Monique (Mo) Aura Bedard

For Monique (Mo) Aura Bedard, all aspects of art has influenced them. From Oneida Nation of the Thames, they grew up just outside of Aamjiwnaang First Nation, away from Oneida and call themselves an “art maker” instead of an “artist”.

“I used to call myself an artist, but I find that that kind of narrows me into one practice, whereas I want to do a whole bunch of things,” said Bedard.

Bedard has always been into art, and in high school started selling their art to raise money to help kids with art classes because that’s what they were passionate about and cared about.

Bedard also worked at an art gallery for a while, teaching art classes as an assistant teacher. They found while working there they were gravitating towards children who were seen as problem children or difficult.

“I didn’t see that it was difficult. They just needed a little bit extra support, so I focused on that and I found that was my passion. That’s what I got excited about and that’s what I loved doing,” said Bedard.

From then on, they wanted to know if there was a way they could use their art to support young people specifically and found the career of art therapy.

“Art was a way to share that and escape my world as I knew it, which had a lot of trauma. For me, art became a way of healing.”

After high school, Bedard went to college for a three-year fine art diploma and, because there is a direct transfer with different schools, went to the University of Lethbridge for a year.

They eventually moved back to southern Ontario where they took a year off and applied to art therapy school, which they attended in Toronto at the Toronto Art Therapy Institute.

Bedard started working in community and was doing individual art therapy with youth, adults, and children. It was there that they found they really loved working with youth and that’s been their passion ever since.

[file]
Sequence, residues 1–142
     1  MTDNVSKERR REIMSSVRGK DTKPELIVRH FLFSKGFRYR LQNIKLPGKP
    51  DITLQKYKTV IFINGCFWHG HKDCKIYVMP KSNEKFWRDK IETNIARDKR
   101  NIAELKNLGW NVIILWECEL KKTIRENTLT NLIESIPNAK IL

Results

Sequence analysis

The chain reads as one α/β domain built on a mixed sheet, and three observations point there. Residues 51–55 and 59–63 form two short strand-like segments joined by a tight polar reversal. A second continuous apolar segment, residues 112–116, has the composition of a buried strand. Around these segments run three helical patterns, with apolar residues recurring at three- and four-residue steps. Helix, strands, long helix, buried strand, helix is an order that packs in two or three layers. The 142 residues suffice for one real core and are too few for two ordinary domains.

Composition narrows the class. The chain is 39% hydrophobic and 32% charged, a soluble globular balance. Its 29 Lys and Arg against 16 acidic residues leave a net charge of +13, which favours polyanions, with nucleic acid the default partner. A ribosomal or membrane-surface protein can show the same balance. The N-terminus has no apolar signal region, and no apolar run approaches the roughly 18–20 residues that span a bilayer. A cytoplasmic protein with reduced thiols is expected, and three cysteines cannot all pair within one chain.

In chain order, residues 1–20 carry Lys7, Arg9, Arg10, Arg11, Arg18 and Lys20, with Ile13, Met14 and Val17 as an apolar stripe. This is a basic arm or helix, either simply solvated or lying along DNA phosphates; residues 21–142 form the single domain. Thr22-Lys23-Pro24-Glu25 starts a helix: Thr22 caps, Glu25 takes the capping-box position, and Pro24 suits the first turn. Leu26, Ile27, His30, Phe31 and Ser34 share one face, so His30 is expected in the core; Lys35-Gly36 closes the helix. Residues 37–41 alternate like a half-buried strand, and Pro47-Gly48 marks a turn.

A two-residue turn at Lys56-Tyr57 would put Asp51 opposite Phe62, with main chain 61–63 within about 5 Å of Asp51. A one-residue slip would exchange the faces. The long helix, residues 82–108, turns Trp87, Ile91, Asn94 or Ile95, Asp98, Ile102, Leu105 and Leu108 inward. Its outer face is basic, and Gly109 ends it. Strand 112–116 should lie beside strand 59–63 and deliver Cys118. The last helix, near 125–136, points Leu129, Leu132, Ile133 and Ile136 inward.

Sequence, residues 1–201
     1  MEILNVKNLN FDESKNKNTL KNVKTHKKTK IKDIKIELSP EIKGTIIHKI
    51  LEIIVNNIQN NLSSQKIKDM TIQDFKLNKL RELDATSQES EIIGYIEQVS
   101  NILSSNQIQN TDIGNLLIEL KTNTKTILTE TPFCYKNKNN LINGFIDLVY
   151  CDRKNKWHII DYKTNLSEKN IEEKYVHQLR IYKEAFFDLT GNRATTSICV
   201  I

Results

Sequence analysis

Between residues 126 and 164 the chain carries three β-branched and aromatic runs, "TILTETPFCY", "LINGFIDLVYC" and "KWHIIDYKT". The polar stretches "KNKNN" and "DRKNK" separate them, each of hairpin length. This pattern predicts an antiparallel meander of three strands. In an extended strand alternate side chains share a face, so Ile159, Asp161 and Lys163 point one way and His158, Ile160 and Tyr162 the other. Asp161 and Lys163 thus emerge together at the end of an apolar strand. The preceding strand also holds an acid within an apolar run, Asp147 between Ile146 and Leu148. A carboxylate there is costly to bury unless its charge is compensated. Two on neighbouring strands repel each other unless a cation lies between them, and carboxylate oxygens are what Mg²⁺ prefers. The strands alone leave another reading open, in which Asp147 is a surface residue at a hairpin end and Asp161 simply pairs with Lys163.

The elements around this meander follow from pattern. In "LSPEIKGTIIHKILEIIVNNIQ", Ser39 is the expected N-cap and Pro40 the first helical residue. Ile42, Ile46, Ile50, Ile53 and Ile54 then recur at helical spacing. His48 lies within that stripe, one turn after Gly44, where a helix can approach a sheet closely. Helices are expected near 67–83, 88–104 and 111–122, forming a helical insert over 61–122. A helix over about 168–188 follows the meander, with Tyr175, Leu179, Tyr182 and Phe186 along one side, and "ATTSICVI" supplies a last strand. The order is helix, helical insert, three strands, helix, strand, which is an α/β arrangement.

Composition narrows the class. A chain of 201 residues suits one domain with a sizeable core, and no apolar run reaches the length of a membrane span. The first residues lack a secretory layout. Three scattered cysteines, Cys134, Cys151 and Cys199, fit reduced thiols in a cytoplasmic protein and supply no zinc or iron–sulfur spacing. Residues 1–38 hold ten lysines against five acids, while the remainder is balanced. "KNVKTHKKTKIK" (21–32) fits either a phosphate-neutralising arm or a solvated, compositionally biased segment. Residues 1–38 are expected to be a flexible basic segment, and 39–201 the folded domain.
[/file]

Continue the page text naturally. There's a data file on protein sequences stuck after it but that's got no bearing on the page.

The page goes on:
Eventually, Bedard started their own program called “Our Stories, Our Truths”, which is a youth artist healing transformation mentorship program where they pair urban Indigenous youth with mentors in the city.

“It’s just a wild journey, and I can fully say that I have accomplished my dreams of doing my own art and then also supporting youth and young people to follow their passions and dreams too,” said Bedard.

Illustration by Shaikara David

It hasn’t been easy to get where they are now. Bedard says some of the biggest obstacles for them has been their mental health, which has been a challenge their whole life, and the journey of self and really “understanding themselves.”

They have been in counseling for years, and says a huge thing for them to overcome challenges is learning about themselves and learning how to cope differently, which has been “life-changing.”

Bedard says for them, it was finding that person who was right for them and has changed counselors multiple times because “if it doesn’t feel right, it doesn’t feel right.”

“You’re not going to grow. You’re not going to get anywhere. It could actually be even more damaging, so I think just listening to yourself with that is really important,” said Bedard.

If there was anything they could tell their  younger self, is that it’s okay to be yourself and to say what you think.

“Chances are the things that you need to say, people need to hear and other people might be thinking, so your voice matters. Do what you love, dress how you want, and if people don’t like you for any of that, then they’re not meant to be in your life.”

Special thanks to Jasmine Kabatay for authoring this blog post.

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